The railway companies operated rather like armies. They imposed strong discipline on their peripatetic workforce, but also treated them, for the most part, with benign paternalism. A job on the railway was usually a job for life, provided the worker followed the rules which were many and varied. Offenders were sacked without hesitation. In 1848, the Great Western dismissed a clerk at Abingdon for betting on a horse, while on the London & North Western later sacked a ganger for going off to get a cup of tea. Many jobs required the wearing of uniforms, and not surprisingly this attracted many former members of the services to join the railways.
For some occupations, railway work was very dangerous job. The most perilous task was being a shunter, working in a train shed hopping between engines to move them around with the ever present risk of being run over. Porters on platforms, too, would often have to undertake the hazardous jobs of connecting or disconnecting carriages, not infrequently resulting in the loss of fingers or hands. Hundreds of workers were killed each year – for example, in the three years 1874-6, 2,249 workers were killed and more than 10,000 injured – and the names of the victims might be found in local newspapers.
For many years, the companies refused to take any responsibility for their workers’ deaths, perhaps merely paying out a few shillings to the widow, as they argued that it was the workers fault or ‘Acts of God’. It was not until the last quarter of the 19th century that conditions began to improve, as the railway workers began to unionise and campaigned for reduced hours – which could be up to 60 or 70 hours per week with no overtime paid – and better wages. Railway accidents in involving passengers were less frequent, but nevertheless routinely accounted for more than a hundred people in a year and were investigated by the Board of Trade which published detailed reports on them.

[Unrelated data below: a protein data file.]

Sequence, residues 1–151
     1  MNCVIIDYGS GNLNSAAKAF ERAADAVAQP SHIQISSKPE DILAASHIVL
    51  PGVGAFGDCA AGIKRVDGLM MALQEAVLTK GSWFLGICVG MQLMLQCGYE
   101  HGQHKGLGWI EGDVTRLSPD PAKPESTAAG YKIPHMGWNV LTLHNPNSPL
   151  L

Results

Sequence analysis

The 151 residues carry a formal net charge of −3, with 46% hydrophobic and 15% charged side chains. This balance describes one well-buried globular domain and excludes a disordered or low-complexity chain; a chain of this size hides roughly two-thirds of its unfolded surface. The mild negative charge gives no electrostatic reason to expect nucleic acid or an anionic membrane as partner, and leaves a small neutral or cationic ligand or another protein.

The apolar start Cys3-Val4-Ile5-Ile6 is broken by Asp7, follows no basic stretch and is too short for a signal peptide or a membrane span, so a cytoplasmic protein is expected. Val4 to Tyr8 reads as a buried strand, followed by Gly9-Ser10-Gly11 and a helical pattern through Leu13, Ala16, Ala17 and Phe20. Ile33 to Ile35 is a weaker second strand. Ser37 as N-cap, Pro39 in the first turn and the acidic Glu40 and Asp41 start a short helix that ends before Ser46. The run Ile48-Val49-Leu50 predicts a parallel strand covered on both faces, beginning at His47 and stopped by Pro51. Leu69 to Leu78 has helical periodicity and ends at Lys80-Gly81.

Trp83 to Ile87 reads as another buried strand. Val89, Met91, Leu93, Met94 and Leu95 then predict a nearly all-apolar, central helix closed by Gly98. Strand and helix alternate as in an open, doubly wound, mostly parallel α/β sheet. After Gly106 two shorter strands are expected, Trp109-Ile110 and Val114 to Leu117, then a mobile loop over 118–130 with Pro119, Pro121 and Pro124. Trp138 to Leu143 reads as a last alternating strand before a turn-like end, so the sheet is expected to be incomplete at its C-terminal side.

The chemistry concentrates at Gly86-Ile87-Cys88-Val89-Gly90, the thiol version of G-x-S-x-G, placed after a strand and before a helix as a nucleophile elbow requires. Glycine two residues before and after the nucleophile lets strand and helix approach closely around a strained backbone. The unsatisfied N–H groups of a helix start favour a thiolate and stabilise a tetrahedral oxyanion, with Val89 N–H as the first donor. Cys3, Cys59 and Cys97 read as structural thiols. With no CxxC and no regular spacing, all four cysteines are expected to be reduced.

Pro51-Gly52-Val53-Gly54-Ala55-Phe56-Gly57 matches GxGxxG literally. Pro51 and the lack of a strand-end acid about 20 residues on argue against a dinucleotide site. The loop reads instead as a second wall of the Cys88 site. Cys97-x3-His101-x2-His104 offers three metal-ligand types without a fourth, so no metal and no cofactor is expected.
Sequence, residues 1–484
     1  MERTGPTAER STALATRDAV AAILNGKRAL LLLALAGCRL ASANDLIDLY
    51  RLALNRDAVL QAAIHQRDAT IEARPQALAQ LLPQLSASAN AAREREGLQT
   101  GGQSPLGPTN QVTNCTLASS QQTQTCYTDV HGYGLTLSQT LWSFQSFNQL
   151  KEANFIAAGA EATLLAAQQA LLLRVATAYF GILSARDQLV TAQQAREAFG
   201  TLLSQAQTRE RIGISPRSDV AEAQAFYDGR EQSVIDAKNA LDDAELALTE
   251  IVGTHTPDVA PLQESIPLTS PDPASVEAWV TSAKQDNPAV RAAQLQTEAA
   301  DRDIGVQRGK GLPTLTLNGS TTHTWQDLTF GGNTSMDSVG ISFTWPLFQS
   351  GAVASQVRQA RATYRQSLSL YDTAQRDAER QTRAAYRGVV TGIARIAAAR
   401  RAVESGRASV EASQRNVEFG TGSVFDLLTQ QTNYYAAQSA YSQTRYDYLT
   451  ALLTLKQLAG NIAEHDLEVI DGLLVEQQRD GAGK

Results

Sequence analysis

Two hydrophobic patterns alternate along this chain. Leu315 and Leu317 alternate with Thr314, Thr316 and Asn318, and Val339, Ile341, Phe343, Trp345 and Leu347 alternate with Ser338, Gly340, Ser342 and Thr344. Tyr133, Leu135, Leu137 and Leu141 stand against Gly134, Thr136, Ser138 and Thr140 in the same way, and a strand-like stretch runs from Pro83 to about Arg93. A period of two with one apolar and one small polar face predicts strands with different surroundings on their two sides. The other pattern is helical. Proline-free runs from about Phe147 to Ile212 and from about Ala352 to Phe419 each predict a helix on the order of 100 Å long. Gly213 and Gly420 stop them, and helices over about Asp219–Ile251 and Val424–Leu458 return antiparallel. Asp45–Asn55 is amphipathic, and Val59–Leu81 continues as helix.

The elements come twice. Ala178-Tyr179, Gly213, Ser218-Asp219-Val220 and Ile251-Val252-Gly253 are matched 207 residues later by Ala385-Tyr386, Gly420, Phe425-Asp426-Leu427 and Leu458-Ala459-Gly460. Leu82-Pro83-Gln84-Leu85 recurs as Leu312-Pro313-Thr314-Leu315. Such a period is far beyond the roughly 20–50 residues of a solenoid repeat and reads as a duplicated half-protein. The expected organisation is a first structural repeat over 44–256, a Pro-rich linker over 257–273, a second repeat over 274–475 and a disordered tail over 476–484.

The railways in the United Kingdom were built by a wide variety of private companies, big and small. Some merely constructed a little branch line of a few miles, while others soon developed large networks. Clearly in trying to track down relatives, the larger companies were more likely to have accurate records which survive today. Smaller companies were often later incorporated into larger ones. Eventually, after the First World War, the railway companies were mostly – there were a few exceptions – consolidated into four giant concerns: the London & North Eastern, the London, Midland Scottish, the Great Western and the Southern – and then the railways were nationalised under British Railways in 1948.
The records of all these companies are a great source of information and the Ancestry website has recently put on line a wide range of records from several of the larger railway businesses. The Great Western, the only railway company that existed in the same form from its creation until nationalisation is particularly well covered, but there are also records from nine other companies, including all four post grouping businesses, as well as the Retired Railway Officers’ Society. The other principal source is the National Archives which have a fantastic range of records.
In his book, The Railwaymen (David & Charles, 1984), R.S. Joby estimates that at the height of the railways in the period immediately after the First World War, there were 750,000 workers, a remarkably high proportion of Britain’s population which, at the time, was around 45m. By the time the railways were nationalised as British Railways in 1948, there were still 620,000 people employed by the railways. In addition, there is the London Underground which employed up to 30,000 people at its peak and before the creation of London Transport in 1933 was split into various companies. There is, therefore, a good chance that stretching back up to half a dozen generations, someone in your family worked on the railways.
Women on the railways